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Whole Life Vs. Universal Life Insurance – Spot the Difference

Whole Life Vs. Universal Life Insurance – A life insurance policy can help ensure your loved ones will not struggle with money issues if you die. But with so many life insurance options, choosing the right type of policy can seem challenging.

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The more you know about life insurance options, the better equipped you are to choose the best life insurance.

One choice you may face when buying life insurance is whole life vs. universal life insurance. What are these two types of life insurance, and how can you discover which policy is right for you?

The Differences Between Whole Life and Universal Life

Whole life and universal life are types of permanent life insurance.

Permanent life insurance generally remains in force as long as you pay premiums, and it builds cash value over time. You can tap into a policy’s value while you’re alive. Even though whole life and universal life are both types of permanent life insurance, they differ in several ways, including costs, premium flexibility, cash value growth, and death benefit.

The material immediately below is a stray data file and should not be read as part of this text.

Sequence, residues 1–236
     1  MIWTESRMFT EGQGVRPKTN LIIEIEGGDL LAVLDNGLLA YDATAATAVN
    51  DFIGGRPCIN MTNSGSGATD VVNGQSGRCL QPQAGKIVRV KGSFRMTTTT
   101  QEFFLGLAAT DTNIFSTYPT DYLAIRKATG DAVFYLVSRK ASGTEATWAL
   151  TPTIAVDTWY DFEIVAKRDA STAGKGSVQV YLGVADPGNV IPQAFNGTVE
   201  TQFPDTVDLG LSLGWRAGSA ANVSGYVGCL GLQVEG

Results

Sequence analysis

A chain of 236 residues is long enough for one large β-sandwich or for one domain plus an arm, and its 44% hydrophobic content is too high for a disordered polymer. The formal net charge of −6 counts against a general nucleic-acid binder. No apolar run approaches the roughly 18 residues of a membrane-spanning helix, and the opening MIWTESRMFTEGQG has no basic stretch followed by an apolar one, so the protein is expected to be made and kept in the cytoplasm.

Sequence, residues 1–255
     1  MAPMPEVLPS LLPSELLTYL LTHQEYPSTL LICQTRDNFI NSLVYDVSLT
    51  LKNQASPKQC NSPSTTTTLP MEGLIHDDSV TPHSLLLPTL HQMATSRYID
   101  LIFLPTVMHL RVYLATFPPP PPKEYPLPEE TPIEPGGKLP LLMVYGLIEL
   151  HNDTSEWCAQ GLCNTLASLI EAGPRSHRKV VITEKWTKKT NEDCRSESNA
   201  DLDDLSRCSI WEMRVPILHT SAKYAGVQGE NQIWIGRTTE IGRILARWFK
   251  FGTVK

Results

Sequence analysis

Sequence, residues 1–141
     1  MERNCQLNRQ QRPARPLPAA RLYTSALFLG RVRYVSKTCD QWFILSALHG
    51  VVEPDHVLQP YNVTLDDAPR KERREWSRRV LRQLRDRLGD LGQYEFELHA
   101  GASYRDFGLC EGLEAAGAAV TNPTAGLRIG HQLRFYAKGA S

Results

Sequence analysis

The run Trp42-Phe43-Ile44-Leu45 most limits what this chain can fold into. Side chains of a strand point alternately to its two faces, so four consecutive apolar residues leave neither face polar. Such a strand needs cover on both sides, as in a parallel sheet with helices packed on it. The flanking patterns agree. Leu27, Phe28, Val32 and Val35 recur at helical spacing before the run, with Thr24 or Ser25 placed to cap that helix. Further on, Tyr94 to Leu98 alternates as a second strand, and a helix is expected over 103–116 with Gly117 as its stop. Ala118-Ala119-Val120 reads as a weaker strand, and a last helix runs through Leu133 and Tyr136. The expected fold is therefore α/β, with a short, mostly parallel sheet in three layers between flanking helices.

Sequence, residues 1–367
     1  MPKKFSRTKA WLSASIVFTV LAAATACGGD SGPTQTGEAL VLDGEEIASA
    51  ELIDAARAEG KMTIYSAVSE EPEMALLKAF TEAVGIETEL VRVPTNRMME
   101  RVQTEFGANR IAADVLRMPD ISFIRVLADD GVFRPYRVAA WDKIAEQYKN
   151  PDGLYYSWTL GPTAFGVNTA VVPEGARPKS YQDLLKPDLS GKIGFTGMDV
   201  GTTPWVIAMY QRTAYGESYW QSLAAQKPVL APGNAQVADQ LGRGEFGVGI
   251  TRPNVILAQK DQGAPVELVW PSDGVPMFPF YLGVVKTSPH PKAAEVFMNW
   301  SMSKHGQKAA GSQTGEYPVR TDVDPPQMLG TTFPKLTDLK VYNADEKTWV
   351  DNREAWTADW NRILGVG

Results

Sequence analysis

Whole Life Insurance

Whole life insurance is a permanent life insurance policy that has a fixed premium and death benefit. The cash value within a whole life insurance policy builds at a fixed interest rate, such as 2%, which gives whole life more predictability than universal life policies.

Pros and Cons of Whole Life Insurance

Pros

  • Fixed premium, death benefit, and rate for cash value growth.
  • Offers low risk.
  • Easiest type of permanent life insurance to navigate because everything is fixed and easy to understand.

Cons

  • Doesn’t provide flexibility to change premiums or the death benefit amount as your needs change.
  • Premiums can be very expensive compared to other types of life insurance.
  • Can build less cash value than some types of universal life insurance.
Who Can Benefit from Whole Life Insurance?

Whole life insurance can be a good decision for someone who wants guarantees and cash value that grows at a steady rate. Whole life may be a good selection if your main life insurance goal is to pay for final expenses, such as your funeral. For example, burial insurance policies are generally small whole-life insurance policies.

The predictability of whole life insurance may also benefit someone who wants to use a future life insurance payout for the care of a lifetime financial dependent, such as a special needs child and doesn’t want to have to make investment decisions.

This whole life coverage could be part of a special needs trust (SNT), which is a legal agreement typically created by a parent or guardian. The money is held in an account and used to support the child.

A third party, called a trustee, administers the trust and administers funds to care for the child. Though parents often name themselves as trustees, you can also select other trustees, such as family members, to help. You can also name a successor trustee, who oversees the trust after you die, resign, or become incapacitated.

Universal Life Insurance